goneforgoodsignWhen you graduate from college and are unceremoniously thrust into “The Real World” moments after falling asleep during a commencement speech delivered in mediocre fashion by documentarian Ken Burns, you unwillingly come upon a realization that will, more or less, define the rest of your life. This realization will hit you like a ton of bricks in the sternum. It’s horrifying.

It is the realization that nothing matters more than these three things: what you want, what you need, and, most importantly, striking a sustainable balance between what you want and what you need.

You’re able to drown out this realization temporarily, sure—I mean, the last thing you’re thinking about is your future when your mom is taking a shot of Fireball at your favorite college bar.

But it comes back to you at night. You can’t outrun it. And you can’t stay steadily drunk for weeks at a time anymore, because college is over, Bucko. You’re screwed now!

So you set out trying to find the balance. Doing this is, for most everybody, a trial and error process.

You take jobs you don’t want because you need health insurance and enough funds to at least partially live on. You take jobs you want because sometimes doing what you want glazes over your vision with a reddish, optimistic hue, making your needs seem like distant worries, on the same level as managing your 401K account or somehow dealing with that time you were subpoenaed to take the booth in a Maryland District Courtroom and simply did not show up.

Some may accept that they can’t rightly strike a fifty-fifty balance between want and need, and will go forth with their lives pursuing one more than the other. Those who err on the “need” sign of things will maybe settle into one professional vein—and perhaps even one specific job—for years, until they have settled too deeply into their lives that are dedicated to pursuing and securing what they and their families need.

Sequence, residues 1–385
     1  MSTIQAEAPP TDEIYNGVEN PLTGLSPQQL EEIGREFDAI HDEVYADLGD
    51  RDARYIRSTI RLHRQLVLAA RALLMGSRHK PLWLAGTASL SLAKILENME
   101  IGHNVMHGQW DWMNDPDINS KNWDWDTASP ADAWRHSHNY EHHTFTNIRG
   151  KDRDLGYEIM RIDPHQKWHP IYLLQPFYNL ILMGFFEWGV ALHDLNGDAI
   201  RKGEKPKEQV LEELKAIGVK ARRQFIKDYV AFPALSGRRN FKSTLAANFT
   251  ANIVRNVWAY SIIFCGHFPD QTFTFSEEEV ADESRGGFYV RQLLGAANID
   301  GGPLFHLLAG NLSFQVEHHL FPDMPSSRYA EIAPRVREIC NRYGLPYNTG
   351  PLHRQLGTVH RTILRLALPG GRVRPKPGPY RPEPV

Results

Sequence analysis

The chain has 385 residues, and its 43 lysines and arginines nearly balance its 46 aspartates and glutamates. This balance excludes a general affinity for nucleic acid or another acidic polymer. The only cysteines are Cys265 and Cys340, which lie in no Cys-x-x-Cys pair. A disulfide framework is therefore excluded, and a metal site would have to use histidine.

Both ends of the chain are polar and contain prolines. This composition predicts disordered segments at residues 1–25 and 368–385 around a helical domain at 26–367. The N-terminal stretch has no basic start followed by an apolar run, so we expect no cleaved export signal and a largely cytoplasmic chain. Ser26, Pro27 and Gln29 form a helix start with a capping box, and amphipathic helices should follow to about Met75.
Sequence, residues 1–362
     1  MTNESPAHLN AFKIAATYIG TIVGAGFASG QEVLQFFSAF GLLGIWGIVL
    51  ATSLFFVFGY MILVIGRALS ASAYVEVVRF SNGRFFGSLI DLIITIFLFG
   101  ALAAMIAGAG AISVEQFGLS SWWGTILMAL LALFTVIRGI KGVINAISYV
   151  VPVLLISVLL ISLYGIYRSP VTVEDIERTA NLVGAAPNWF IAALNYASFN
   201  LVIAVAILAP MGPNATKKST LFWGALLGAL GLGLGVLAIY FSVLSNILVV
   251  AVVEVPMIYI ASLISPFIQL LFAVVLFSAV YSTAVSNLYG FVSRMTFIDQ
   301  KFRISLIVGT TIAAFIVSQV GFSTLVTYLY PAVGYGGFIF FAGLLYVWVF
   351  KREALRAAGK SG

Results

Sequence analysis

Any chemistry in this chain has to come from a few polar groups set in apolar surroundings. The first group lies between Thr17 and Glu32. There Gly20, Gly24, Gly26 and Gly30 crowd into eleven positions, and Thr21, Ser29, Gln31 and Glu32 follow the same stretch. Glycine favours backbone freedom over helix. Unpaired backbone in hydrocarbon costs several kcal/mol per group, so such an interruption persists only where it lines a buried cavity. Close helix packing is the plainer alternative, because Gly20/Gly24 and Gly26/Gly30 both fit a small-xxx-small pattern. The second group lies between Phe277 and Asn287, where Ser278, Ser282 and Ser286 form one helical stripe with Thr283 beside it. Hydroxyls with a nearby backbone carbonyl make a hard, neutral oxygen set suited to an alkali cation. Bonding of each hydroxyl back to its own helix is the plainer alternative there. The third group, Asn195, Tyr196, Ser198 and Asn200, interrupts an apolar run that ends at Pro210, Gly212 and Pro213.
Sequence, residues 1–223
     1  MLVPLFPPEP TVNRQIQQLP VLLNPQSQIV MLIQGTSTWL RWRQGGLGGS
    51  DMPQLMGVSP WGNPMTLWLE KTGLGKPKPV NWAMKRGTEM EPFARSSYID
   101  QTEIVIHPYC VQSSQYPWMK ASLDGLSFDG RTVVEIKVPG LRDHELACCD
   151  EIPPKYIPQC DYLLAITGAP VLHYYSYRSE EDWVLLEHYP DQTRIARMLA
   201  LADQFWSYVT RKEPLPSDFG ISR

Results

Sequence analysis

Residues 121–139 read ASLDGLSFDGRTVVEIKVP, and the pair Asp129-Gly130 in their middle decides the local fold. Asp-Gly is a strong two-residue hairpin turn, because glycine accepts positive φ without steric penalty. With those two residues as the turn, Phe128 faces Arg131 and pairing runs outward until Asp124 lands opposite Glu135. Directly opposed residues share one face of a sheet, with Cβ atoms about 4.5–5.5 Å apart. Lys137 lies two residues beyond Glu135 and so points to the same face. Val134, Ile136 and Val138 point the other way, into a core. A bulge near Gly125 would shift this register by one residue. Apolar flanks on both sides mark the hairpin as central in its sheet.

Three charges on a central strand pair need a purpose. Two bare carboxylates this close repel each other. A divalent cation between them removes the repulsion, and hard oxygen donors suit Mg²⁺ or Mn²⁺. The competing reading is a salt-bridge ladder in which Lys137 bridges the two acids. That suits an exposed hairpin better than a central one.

But I am not in that position. And it’s likely that if you are still reading, then you aren’t, either. Furthermore, if you are still reading this, then I will make the modest assumption that you are reading it while on the clock at a job that you more or less despise, and have been thinking rather seriously about abandoning, come what may.

(If you’re still reading this and you are already unemployed, stop reading it and go try to find work! You can’t just keep writing blog posts about pastries and free Wi-Fi and expect that you will just eventually be promoted to the position of our Nation’s Poet Laureate. You’ve gotta embrace The Hustle, and reading about quitting your job when you are already jobless is going to do you no good. No good at all.)

The following are a few reasons you can potentially use to justify leaving your job, to begin a diligent search more for what you want, instead of only what you need.

You’ve peaked in your current position: After a while, you may become so adept at your job that you realize there’s really no room for improvement, innovation, or excitement—that you can complete your tasks on autopilot, more or less. This may seem decent for a while, because who doesn’t love getting paid to exert minimal effort? But eventually, you’ll realize that your skills aren’t growing, they’re stagnating. And if there’s a slim-to-nil chance that you can move up within your company or organization, there’s even less a reason to stay instead of continuing to challenge yourself elsewhere.